Comparing Estimates of News Consumption from Survey and Passively collected Behavioral Data

37 Pages Posted: 30 Mar 2020 Last revised: 27 Jan 2021

See all articles by Tobias Konitzer

Tobias Konitzer

Stanford University

Jennifer Allen

Massachusetts Institute of Technology (MIT) - Sloan School of Management

Stephanie Eckman

RTI International

Baird Howland

affiliation not provided to SSRN

Markus M. Mobius

Microsoft Corporation - Microsoft Research New England; University of Michigan at Ann Arbor - School of Information; National Bureau of Economic Research (NBER)

David M. Rothschild

Microsoft Research

Duncan Watts

University of Pennsylvania

Date Written: March 4, 2020

Abstract

Surveys are a vital tool for understanding public opinion and knowledge, but they can also yield biased estimates of behavior. Here we explore a popular and important behavior that is frequently measured in public opinion surveys: news consumption. Previous studies have shown that television news consumption is consistently overreported in surveys relative to passively collected behavioral data. We validate these earlier findings, showing that they continue to hold despite large shifts in news consumption habits over time, while also adding some new nuance regarding question wording. We extend these findings to survey reports of online and social media news consumption, with respect both to levels and trends. Third, we demonstrate the usefulness of passively collected data for measuring a quantity such as “consuming news” for which different researchers might reasonably choose different definitions. Finally, recognizing that passively collected data suffers from its own limitations, we outline a framework for using a mix of passively collected behavioral and survey-generated attitudinal data to accurately estimate consumption of news and related effects on public opinion and knowledge, conditional on media consumption.

Keywords: Survey Research, Behavioral Data, News Consumption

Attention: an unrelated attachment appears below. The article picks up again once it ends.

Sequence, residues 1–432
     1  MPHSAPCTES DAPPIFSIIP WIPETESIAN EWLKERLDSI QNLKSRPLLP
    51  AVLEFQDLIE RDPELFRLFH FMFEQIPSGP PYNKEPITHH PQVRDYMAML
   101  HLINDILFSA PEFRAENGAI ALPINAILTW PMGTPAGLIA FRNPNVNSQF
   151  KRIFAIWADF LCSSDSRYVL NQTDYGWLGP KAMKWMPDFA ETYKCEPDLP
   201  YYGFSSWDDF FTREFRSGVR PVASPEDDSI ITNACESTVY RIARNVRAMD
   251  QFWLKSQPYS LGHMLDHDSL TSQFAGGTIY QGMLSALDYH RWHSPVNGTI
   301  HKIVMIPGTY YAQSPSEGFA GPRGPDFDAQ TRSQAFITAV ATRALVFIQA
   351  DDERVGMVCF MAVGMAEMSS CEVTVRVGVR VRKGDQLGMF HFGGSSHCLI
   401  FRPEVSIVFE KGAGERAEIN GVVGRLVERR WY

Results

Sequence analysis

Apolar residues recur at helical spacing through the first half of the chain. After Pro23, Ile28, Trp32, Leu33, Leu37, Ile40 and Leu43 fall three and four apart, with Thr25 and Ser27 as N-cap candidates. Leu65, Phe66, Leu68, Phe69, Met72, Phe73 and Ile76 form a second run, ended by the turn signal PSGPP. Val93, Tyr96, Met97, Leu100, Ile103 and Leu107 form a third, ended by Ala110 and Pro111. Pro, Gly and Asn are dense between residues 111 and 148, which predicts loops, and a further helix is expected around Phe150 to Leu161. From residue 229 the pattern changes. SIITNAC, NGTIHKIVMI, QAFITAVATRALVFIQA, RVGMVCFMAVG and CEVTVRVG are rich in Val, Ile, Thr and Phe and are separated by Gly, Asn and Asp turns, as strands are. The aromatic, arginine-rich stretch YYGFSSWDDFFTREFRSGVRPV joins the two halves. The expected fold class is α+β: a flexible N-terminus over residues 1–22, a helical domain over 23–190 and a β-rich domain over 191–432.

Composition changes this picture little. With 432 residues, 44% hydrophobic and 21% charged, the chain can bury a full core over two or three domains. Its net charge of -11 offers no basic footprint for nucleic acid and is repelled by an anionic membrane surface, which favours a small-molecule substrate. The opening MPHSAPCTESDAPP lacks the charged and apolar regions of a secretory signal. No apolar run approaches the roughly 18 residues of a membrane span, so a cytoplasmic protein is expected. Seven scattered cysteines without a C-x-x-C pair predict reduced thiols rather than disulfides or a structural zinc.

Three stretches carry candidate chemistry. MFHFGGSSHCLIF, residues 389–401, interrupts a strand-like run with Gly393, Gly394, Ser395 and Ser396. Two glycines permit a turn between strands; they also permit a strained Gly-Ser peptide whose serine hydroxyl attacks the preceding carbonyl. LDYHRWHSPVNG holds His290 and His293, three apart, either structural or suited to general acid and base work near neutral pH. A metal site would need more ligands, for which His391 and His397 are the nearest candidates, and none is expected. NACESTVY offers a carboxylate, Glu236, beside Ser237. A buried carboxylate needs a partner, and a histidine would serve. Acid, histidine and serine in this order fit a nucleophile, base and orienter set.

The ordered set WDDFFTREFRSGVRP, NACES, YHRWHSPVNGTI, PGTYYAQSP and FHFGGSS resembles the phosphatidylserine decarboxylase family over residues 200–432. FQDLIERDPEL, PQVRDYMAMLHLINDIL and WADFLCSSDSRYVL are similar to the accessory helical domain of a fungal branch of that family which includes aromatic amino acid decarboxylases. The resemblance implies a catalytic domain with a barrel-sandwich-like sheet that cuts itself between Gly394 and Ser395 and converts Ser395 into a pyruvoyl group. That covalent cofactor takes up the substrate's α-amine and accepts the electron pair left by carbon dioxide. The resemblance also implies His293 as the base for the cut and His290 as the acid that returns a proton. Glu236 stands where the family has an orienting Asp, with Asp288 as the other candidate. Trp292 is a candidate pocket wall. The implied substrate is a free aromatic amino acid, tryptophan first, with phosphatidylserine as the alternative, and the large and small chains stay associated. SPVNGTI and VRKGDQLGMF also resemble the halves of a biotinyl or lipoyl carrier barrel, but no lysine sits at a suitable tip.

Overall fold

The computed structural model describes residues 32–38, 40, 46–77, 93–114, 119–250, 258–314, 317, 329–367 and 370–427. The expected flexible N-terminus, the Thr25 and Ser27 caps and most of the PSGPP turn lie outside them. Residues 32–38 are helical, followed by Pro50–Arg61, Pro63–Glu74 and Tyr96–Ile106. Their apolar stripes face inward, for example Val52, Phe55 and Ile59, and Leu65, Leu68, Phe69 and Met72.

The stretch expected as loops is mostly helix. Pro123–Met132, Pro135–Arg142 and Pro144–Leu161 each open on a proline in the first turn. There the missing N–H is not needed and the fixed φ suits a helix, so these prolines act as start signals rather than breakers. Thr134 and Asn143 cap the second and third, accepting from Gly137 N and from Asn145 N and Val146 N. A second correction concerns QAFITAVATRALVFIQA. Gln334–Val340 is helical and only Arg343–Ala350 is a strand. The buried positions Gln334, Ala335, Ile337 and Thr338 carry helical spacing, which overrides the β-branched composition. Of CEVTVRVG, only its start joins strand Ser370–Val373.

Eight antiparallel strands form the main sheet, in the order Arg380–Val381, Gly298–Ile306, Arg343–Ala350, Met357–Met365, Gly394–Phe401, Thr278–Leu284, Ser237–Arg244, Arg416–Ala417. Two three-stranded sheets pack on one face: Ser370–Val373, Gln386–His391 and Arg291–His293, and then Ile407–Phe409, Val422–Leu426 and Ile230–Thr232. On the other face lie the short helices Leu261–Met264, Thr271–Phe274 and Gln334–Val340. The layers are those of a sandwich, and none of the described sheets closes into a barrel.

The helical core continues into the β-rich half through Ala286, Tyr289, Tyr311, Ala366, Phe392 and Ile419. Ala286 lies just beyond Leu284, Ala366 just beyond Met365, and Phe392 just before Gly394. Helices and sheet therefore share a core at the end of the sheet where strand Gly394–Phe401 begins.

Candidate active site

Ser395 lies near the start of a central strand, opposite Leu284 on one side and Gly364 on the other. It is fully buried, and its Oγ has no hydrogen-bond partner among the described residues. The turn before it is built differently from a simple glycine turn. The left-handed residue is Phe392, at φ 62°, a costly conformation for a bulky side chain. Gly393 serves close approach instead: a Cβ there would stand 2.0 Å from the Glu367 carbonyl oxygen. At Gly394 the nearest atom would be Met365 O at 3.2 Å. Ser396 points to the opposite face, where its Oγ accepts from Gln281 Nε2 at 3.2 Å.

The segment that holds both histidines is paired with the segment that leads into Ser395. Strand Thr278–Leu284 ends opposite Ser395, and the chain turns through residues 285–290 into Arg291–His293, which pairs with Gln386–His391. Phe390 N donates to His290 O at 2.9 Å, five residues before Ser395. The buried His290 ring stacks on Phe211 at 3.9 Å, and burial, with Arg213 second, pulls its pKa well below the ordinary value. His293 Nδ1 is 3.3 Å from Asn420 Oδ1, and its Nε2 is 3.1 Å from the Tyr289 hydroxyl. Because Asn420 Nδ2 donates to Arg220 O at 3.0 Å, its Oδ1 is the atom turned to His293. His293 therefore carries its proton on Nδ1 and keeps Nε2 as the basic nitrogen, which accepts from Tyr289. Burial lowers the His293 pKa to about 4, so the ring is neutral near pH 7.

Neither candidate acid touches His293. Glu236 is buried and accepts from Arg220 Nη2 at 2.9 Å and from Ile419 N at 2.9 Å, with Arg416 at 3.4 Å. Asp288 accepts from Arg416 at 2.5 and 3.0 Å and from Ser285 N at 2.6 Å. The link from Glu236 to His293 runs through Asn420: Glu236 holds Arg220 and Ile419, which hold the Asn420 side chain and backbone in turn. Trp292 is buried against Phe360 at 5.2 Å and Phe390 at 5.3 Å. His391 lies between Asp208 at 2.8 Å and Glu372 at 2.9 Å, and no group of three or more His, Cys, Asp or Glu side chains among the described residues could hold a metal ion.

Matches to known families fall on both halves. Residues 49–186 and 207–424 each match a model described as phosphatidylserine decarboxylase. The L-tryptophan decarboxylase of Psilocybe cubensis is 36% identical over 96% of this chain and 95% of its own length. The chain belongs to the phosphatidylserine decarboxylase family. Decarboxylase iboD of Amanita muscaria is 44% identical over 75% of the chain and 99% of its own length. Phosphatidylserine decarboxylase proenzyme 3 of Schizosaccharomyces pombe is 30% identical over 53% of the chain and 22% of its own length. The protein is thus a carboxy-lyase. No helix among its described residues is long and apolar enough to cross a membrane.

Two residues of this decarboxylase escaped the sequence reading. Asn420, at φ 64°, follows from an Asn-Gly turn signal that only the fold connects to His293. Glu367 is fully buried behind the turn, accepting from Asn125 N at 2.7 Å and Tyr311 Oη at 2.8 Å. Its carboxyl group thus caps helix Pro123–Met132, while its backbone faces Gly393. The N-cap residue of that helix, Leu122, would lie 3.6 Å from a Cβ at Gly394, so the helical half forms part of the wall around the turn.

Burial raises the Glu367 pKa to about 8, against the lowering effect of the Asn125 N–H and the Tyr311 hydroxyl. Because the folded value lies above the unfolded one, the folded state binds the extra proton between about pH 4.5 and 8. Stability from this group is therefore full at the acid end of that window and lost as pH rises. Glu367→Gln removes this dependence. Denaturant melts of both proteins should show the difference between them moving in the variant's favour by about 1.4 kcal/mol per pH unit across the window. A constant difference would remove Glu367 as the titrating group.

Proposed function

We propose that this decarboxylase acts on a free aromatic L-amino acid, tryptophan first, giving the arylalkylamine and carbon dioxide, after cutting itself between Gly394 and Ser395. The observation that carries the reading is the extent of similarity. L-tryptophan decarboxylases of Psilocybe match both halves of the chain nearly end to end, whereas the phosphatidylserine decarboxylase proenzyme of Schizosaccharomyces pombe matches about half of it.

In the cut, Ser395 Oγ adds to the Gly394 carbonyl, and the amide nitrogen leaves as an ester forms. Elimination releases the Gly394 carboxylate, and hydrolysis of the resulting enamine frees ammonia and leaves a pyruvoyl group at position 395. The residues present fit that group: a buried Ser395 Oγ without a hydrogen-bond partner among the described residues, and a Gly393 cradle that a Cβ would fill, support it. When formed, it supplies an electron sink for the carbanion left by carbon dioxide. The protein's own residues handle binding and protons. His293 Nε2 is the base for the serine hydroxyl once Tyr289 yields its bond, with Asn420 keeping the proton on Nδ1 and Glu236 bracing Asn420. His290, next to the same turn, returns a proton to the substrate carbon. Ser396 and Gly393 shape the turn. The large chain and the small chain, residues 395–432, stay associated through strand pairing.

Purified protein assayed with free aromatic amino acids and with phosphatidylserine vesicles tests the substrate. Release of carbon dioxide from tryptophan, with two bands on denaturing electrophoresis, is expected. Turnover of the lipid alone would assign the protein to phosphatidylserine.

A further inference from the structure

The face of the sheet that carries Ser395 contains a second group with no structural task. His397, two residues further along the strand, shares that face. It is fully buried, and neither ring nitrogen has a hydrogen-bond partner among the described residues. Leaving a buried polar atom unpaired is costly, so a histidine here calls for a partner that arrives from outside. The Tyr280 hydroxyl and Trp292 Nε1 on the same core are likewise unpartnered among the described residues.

Suggested Citation

Konitzer, Tobias and Allen, Jennifer and Eckman, Stephanie and Howland, Baird and Mobius, Markus M. and Rothschild, David M. and Watts, Duncan, Comparing Estimates of News Consumption from Survey and Passively collected Behavioral Data (March 4, 2020). Available at SSRN: https://ssrn.com/abstract=3548690 or http://dx.doi.org/10.2139/ssrn.3548690

Tobias Konitzer

Stanford University ( email )

Stanford, CA 94305
United States

Jennifer Allen

Massachusetts Institute of Technology (MIT) - Sloan School of Management ( email )

100 Main Street
E62-416
Cambridge, MA 02142
United States

Stephanie Eckman

RTI International ( email )

PO Box 12194
Washington, DC 20036-3209
United States

Baird Howland

affiliation not provided to SSRN

Markus M. Mobius

Microsoft Corporation - Microsoft Research New England ( email )

One Memorial Drive, 12th Floor
Office 12062
Cambridge, MA 02142
United States

HOME PAGE: http://www.markusmobius.org

University of Michigan at Ann Arbor - School of Information ( email )

304 West Hall
550 East University
Ann Arbor, MI 48109-1092
United States

HOME PAGE: http://www.markusmobius.org

National Bureau of Economic Research (NBER) ( email )

1050 Massachusetts Avenue
Cambridge, MA 02138
United States

HOME PAGE: http://www.markusmobius.org

David M. Rothschild (Contact Author)

Microsoft Research ( email )

641 6th Ave., 7th Floor
New York, NY 10011
United States

HOME PAGE: http://researchdmr.com/

Duncan Watts

University of Pennsylvania ( email )

Philadelphia, PA
United States
2155733240 (Phone)
19104-6228 (Fax)

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